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Reflection on the Gamelan Embedded Study Program in Bali

Participants of the Swarthmore Embedded Study Abroad Program with members of Gamelan Çudamani in Pengosekan, Bali, Indonesia

Despite being in the Gamelan group and having the Embedded Study Abroad trip on my radar since last spring, I couldn’t believe that I would be traveling to Bali with my fellow Swarthmore students over winter break. As we boarded the plane to fly over the Arctic and toward the tropical island, I felt gratitude and anticipation, but I was also aware that I was diving headfirst into a total unknown. 

Stepping out of the airport on arrival, I understood why it had been so hard for me to conceptualize and prepare for the trip. The beauty of Bali is so immediately arresting, so expansive yet so intricate, that it overwhelms the senses. The nature is astounding, with sky-high trees and green bursting out of the seams of every street corner; technicolor flowers and hanging vines that drape like dense curtains of thriving life. But what is more awe-inspiring is the way that art — a tribute to human ingenuity and expression — is as pervasive as the leaves on the trees. 

As we drove to Pengosekan Village, the home base for our music practice, I marveled at what I saw outside the window. The road medians and streetlights were covered in characteristically beautiful wood carvings, a tribute to the small artistic details that enrich the most mundane circumstances in Bali. We passed grand statues of Hindu gods, covered in gold, fringes, and flowers. Temples were on every corner, each one a compound, filled with decorations, painstaking stonework, and small woven baskets of multicolored daily offerings to the gods. Later, I found out about the massive investment of time, money, and craftsmanship it takes to construct and maintain a single temple. 

The relationship between community and art is deeply intertwined in Bali. It is natural to invest in art because it means you are also investing in your community and your family. As the trip unfurled, Çudamani—the performing ensemble that designed and led the music program for us—brought us into their community and made us feel at home. Every day, we walked from the guest house to the Çudamani compound, where we were greeted with warm smiles, patient guidance, and delicious home-cooked food. I had not been able to dedicate so much concentrated time to music before; it felt natural being surrounded by our teachers who had been playing Gamelan since before they could remember. The program was led by musician, composer, and teacher Dewa Barata. His infectious smile and enthusiastic, yet unhurried energy ensured that we took in every new note, smiling alongside him the whole way. The pace of life in Bali made us slow down and appreciate every moment, something that we busy Swarthmore students often struggle with. 

One of my favorite features of the Gamelan instruction we received was the ability to try a wide variety of instruments, with personalized instruction on each. There are roughly twenty-five different instruments in Balinese Gamelan. The melodic core of the ensemble is a set of metallophones with different pitch ranges and names, which is what the majority of the students at Swarthmore play. However, there are also a variety of drums, gongs, cymbals, and even the bamboo flute (suling). At Çudamani, we got the chance to rotate on different instruments, many of which I had been too intimidated to try beforehand. At our final exhibition performance, we played a variety of different songs that showcased them. Returning to Swarthmore, I am now able to be a leader in the ensemble, as I feel confident playing on all of the instruments.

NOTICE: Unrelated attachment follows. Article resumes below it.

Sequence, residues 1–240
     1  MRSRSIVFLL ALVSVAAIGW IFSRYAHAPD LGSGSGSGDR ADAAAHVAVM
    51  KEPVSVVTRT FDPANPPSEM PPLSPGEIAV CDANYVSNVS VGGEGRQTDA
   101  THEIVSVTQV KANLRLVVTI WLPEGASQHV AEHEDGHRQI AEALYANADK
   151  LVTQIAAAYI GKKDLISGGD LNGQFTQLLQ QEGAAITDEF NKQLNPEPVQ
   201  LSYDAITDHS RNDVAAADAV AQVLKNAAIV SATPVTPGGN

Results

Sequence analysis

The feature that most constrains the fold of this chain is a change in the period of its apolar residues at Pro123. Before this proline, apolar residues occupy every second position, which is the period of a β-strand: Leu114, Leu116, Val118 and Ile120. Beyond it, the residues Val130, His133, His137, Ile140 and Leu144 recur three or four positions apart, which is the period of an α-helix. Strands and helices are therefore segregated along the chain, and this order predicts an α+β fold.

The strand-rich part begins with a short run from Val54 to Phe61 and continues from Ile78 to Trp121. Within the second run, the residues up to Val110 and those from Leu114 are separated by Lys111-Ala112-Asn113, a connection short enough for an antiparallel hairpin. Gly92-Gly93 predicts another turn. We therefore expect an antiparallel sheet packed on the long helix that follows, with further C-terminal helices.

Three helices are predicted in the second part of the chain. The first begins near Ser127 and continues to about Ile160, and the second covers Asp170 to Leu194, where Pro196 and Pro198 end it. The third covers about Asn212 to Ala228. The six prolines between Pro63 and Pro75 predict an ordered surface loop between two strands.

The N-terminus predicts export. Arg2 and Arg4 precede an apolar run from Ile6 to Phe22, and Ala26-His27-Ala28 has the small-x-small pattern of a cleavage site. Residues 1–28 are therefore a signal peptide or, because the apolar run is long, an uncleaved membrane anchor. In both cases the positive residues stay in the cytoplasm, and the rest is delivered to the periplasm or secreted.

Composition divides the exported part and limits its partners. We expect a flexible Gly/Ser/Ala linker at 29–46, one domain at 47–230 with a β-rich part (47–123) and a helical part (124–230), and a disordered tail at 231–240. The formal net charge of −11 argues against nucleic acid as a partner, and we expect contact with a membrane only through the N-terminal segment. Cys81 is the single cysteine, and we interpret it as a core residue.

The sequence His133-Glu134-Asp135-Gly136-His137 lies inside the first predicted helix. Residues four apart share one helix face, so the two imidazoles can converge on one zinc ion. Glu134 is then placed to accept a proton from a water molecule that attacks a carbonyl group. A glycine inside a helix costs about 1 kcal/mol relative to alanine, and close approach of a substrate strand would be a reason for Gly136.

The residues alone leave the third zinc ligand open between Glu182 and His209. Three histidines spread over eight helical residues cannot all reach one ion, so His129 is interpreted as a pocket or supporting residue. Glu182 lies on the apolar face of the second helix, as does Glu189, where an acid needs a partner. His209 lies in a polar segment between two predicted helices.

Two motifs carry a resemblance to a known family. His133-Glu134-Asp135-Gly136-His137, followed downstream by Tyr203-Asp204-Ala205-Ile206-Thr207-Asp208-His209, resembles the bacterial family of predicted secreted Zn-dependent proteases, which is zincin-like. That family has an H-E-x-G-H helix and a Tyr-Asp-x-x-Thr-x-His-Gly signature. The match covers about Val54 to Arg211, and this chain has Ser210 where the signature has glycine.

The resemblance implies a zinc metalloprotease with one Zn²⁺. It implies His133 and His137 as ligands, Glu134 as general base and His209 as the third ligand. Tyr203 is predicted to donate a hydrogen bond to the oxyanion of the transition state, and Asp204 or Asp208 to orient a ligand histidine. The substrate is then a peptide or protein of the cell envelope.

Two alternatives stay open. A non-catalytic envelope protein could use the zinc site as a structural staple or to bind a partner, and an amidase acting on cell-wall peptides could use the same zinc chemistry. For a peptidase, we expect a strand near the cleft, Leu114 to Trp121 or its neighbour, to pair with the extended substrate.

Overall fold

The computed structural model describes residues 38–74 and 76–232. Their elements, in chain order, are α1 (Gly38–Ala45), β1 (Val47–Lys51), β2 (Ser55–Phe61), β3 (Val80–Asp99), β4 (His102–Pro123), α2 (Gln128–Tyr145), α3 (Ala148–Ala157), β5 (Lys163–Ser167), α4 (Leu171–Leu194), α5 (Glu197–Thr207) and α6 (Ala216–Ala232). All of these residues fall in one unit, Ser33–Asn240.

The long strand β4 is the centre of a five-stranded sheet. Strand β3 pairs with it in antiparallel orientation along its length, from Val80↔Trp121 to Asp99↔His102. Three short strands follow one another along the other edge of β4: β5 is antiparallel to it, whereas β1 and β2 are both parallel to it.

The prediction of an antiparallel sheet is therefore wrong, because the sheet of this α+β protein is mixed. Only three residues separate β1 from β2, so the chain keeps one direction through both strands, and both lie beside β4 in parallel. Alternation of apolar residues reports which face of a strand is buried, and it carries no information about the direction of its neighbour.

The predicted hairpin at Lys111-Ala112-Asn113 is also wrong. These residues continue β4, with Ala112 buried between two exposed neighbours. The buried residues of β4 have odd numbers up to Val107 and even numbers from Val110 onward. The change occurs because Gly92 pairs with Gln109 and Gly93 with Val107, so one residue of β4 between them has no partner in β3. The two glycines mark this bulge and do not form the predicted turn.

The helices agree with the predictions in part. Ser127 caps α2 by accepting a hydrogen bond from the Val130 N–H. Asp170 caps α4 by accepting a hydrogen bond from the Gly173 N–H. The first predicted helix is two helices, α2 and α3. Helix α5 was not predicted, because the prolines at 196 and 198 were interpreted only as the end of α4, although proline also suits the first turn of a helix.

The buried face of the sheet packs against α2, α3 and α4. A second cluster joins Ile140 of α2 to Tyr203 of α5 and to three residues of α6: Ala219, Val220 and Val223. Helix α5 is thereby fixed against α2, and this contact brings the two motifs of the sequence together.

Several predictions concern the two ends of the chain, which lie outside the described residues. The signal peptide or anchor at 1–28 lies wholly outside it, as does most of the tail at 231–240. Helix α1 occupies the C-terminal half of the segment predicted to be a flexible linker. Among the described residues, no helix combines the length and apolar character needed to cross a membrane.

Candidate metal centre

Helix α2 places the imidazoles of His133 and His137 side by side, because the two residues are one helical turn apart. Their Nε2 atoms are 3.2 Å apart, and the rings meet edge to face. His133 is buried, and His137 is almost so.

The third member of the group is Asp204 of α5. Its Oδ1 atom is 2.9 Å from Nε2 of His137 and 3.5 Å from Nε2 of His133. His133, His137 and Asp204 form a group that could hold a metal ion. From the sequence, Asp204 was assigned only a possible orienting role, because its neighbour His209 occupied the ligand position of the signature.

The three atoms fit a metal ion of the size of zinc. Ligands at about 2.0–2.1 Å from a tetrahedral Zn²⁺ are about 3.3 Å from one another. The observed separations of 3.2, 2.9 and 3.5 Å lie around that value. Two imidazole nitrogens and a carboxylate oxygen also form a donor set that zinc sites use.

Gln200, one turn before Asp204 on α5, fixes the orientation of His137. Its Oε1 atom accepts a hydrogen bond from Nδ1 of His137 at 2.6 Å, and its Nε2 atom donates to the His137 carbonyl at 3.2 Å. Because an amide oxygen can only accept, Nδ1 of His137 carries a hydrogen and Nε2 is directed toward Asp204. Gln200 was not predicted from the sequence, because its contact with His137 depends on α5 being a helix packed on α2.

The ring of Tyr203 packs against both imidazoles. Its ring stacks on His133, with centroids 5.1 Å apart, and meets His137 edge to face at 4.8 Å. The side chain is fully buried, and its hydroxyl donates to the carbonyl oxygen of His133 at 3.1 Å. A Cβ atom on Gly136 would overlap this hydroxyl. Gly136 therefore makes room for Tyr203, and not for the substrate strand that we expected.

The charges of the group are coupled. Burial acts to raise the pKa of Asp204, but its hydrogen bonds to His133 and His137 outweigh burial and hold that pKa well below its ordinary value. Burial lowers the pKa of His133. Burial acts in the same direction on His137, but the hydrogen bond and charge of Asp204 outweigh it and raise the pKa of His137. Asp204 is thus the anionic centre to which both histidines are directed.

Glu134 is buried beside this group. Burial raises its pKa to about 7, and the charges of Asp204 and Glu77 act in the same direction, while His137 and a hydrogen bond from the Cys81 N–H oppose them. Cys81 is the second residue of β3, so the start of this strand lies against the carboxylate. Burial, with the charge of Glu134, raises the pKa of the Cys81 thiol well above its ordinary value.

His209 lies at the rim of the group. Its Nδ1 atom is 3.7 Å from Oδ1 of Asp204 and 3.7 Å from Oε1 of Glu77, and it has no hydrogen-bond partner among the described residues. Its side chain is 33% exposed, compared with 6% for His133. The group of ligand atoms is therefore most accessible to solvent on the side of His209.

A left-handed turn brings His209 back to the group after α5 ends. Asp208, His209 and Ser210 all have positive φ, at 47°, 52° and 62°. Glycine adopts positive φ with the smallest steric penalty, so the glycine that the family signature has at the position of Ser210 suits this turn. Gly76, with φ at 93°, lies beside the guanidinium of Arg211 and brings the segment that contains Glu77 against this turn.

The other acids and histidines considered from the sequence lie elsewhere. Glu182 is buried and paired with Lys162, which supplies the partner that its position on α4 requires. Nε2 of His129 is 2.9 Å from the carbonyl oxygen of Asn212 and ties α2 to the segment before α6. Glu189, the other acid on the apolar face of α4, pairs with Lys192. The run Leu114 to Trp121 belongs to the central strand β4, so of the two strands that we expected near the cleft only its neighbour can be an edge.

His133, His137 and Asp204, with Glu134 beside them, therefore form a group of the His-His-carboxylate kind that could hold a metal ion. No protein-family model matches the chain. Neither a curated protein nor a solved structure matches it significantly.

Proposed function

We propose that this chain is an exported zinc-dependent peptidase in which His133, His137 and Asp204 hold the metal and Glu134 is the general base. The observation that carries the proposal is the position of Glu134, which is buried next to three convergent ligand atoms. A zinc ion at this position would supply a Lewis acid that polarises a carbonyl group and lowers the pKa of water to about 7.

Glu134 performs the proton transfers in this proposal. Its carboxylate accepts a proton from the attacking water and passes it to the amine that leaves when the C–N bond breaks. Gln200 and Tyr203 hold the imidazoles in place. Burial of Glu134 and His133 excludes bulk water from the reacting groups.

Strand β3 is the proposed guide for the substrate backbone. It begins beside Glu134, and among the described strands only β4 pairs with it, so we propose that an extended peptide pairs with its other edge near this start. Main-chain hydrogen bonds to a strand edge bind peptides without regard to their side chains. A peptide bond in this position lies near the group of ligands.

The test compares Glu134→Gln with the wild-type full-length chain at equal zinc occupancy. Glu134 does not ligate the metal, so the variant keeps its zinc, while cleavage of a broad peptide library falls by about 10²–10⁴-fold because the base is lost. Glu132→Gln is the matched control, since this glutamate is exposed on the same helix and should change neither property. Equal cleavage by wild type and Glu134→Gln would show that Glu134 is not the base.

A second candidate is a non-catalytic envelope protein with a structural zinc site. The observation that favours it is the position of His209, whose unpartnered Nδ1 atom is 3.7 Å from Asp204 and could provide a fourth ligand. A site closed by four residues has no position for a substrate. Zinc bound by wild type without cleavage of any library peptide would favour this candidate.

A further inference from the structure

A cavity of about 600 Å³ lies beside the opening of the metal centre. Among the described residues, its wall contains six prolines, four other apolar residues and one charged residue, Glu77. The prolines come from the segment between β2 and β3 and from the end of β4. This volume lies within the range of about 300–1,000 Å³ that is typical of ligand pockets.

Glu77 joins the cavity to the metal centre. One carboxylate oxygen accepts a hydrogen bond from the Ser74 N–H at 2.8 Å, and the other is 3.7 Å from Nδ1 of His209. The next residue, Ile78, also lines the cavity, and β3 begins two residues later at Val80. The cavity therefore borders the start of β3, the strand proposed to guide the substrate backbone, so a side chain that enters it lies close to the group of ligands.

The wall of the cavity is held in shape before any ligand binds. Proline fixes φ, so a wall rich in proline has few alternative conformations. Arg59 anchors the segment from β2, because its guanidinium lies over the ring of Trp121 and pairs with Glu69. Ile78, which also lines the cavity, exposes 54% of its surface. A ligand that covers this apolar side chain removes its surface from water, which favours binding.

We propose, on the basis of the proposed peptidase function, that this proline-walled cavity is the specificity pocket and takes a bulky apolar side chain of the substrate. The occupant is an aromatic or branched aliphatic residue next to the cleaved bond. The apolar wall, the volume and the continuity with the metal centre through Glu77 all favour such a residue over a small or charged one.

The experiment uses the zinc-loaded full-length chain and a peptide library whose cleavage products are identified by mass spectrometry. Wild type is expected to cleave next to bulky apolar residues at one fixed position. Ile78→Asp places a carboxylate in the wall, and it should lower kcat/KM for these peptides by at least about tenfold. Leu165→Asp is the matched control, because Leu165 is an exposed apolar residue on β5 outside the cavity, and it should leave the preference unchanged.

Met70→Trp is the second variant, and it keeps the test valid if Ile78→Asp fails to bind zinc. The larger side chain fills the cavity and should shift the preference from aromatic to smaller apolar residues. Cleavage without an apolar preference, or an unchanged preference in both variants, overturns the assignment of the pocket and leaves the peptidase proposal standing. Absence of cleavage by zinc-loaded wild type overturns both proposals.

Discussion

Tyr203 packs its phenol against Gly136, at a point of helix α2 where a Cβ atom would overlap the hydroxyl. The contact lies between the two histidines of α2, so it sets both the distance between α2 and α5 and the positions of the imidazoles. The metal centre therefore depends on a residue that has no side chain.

Aside from the excursions and day trips we took, the most impactful part of the trip was the home and community of Çudamani and Pengosekan. Our trip leader and Swarthmore Gamelan instructor, Professor Tom Whitman, helped build bridges between us and people he’s connected with over his years visiting and living in Bali. To visit a place, not as a tourist but as a student, and eventually a friend to the people living there, is to know the place on a deeper level. Despite our short amount of time on the island, many of us formed relationships with our Balinese friends that will continue to bloom and grow long beyond the trip. I have built a deeper affinity for gamelan as an art form than I ever imagined—it will be a lifelong link between me and the people I met in Bali. 

We were impacted by other cycles of life while we were in the community at Pengosekan. One community member, a neighbor of Dewa Barata, passed away during our stay. Following Balinese funerary customs, we were invited as guests to the life celebration and cremation, where we witnessed the way that art, music, and dancing are omnipresent even through expressions of grief and loss. A close friend of Tom’s also passed away, I Wayan Rai, who was the guiding force and inspiration behind the formation of Swarthmore Gamelan. We will honor his life at our concert this spring. These unexpected losses brought us together and deepened our understanding of the cycles of life, which are so sacred in Bali. They say that there are no coincidences in Bali, and everything has a purpose. 

Ultimately, this trip was about more than gamelan. It was an opportunity to learn about spirituality, hospitality, friendship, and Balinese culture. I am so grateful to Swarthmore for supporting this program, Tom Whitman and Jon Kochavi for being our trip chaperones, and all of the members of Çudamani for guiding us through the experience.